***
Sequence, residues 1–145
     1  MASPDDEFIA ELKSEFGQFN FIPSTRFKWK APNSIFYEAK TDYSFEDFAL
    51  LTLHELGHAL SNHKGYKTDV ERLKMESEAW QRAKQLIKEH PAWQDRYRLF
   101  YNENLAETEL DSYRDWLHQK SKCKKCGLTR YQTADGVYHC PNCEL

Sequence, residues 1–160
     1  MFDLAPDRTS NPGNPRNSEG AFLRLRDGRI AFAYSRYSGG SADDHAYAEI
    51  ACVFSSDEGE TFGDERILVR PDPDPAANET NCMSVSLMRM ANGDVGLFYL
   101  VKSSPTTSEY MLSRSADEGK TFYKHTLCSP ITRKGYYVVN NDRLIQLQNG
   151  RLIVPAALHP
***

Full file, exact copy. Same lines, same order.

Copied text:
Sequence, residues 1–145
     1  MASPDDEFIA ELKSEFGQFN FIPSTRFKWK APNSIFYEAK TDYSFEDFAL
    51  LTLHELGHAL SNHKGYKTDV ERLKMESEAW QRAKQLIKEH PAWQDRYRLF
   101  YNENLAETEL DSYRDWLHQK SKCKKCGLTR YQTADGVYHC PNCEL

Sequence, residues 1–160
     1  MFDLAPDRTS NPGNPRNSEG AFLRLRDGRI AFAYSRYSGG SADDHAYAEI
    51  ACVFSSDEGE TFGDERILVR PDPDPAANET NCMSVSLMRM ANGDVGLFYL
   101  VKSSPTTSEY MLSRSADEGK TFYKHTLCSP ITRKGYYVVN NDRLIQLQNG
   151  RLIVPAALHP